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Banksy collector, John Brandler, believes East Suffolk Council should place the recent works in Lowestoft into a museum




East Suffolk Council is being urged to place the recent artwork created by Banksy in Lowestoft into a museum.

The world renowned artist recently visited the town for his 'Great British Spraycation', where he visited several locations along the Suffolk/Norfolk coast.

John Brandler, owner of Brandler Galleries in Brentwood, Essex, has approached the council and urged them to create a street art museum.

The Banksy artwork in Lowestoft, which has now been protected by East Suffolk District Council contractors. Picture: Effective Imaging Ltd/East Suffolk District Council
The Banksy artwork in Lowestoft, which has now been protected by East Suffolk District Council contractors. Picture: Effective Imaging Ltd/East Suffolk District Council

He said: “I have contacted the council and said ‘Would you like to create a street art museum?’

“The problem is preserving it, as it is a valuable piece of art, which gives the council a golden opportunity.”

Mr Brandler said that the recent works, including the boy holding a crowbar on Regent Road and London Road North, ‘need to be in a seaside town’ due to the significance of the location.

A Banksy artwork on London Road North and Regent Road at the former Lowestoft Electrical premises. Picture: Rose Sapey
A Banksy artwork on London Road North and Regent Road at the former Lowestoft Electrical premises. Picture: Rose Sapey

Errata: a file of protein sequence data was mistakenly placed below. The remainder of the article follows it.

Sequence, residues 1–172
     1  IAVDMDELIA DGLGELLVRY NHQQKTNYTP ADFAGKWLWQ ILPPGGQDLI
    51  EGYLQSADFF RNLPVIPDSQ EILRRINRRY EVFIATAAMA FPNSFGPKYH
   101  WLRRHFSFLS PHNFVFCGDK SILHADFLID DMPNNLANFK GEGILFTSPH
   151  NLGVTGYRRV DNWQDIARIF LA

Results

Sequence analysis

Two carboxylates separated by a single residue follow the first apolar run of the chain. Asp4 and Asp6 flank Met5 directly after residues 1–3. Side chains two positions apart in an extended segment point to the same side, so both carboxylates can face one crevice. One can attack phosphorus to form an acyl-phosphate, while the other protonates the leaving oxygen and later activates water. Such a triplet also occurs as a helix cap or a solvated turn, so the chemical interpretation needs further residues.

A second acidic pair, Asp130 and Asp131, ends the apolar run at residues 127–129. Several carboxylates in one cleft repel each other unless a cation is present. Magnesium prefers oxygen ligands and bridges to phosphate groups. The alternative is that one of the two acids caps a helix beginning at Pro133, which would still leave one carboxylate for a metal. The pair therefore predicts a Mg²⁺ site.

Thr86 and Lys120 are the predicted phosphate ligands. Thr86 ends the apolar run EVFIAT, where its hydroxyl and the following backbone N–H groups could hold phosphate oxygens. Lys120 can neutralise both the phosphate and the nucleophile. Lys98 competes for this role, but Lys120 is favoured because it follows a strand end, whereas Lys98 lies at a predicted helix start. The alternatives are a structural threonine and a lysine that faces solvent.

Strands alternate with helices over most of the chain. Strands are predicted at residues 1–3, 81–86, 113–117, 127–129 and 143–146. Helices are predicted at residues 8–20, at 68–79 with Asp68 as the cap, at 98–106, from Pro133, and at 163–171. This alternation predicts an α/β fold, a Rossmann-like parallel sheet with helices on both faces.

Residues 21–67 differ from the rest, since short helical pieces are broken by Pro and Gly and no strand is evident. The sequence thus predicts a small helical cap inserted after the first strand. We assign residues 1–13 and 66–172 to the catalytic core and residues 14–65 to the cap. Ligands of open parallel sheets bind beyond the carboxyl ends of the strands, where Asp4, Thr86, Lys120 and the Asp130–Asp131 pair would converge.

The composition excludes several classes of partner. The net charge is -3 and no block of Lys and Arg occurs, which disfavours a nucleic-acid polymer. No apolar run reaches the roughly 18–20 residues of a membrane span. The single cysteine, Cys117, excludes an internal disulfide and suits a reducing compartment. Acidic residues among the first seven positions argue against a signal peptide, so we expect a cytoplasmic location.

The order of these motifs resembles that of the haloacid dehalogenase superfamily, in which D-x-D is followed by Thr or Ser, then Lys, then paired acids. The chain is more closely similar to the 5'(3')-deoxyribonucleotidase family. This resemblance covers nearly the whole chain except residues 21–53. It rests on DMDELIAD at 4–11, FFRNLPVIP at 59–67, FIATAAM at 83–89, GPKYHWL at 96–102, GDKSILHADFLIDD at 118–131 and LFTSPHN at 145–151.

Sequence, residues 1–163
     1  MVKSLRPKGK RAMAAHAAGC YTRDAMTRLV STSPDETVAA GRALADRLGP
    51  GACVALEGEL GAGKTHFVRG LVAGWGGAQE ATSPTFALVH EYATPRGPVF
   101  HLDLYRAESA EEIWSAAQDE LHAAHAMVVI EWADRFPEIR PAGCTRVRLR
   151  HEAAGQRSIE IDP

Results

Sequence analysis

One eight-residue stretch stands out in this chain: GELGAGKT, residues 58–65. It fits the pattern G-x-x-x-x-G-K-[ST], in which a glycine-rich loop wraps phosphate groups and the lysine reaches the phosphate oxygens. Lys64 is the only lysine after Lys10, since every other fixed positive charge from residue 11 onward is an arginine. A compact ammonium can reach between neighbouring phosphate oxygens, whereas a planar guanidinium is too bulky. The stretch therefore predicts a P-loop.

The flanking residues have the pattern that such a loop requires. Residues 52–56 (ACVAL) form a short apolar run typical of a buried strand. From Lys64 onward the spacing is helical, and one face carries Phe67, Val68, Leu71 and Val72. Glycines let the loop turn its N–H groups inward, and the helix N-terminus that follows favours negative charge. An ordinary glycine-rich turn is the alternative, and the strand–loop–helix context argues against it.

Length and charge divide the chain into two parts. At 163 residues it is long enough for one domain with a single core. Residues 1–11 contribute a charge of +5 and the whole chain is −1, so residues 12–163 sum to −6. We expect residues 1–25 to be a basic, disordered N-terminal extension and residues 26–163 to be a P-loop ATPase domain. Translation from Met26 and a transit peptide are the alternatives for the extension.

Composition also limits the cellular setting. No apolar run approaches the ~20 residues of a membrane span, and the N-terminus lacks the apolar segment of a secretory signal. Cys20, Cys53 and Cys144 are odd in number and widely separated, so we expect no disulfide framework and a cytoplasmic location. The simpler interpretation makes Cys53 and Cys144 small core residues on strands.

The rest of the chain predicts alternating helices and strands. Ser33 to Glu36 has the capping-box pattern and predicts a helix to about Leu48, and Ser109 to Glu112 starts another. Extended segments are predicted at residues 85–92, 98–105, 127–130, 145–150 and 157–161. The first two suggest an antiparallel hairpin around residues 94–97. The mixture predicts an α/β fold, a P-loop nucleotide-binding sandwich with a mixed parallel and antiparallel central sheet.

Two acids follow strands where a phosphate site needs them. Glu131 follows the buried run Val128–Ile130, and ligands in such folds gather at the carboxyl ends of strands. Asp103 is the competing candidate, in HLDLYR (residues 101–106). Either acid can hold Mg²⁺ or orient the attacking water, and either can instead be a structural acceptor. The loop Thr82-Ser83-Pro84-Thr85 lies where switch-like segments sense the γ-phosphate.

“[Other] pieces have been sold at auction over the years, so it is difficult to price because the location is significant to the piece,” he said.

He added that it would also be difficult to price due to the need for the broken paving surrounding it.

However, should it be sold, he estimates it could be worth a ‘low six-figure fee’.

One of the artworks created by Banksy in Lowestoft. Picture: East Suffolk Council
One of the artworks created by Banksy in Lowestoft. Picture: East Suffolk Council

A joint statement from East Suffolk and Great Yarmouth Borough Councils said: “We are looking at all options for the future of these artworks, which are being enjoyed by our communities and are attracting visitors from across the country, showcasing our wonderful part of the world. Whilst no decisions have yet been made, we would hope that these pieces will remain in situ, as they were intended, for the benefit of our residents.

“The main focus for our joint bid to become UK City of Culture 2025 is to provide and highlight cultural activities which bring people together and which our communities can get involved with, and whilst we cannot be sure, we would like to think Banksy is supportive of these plans.”

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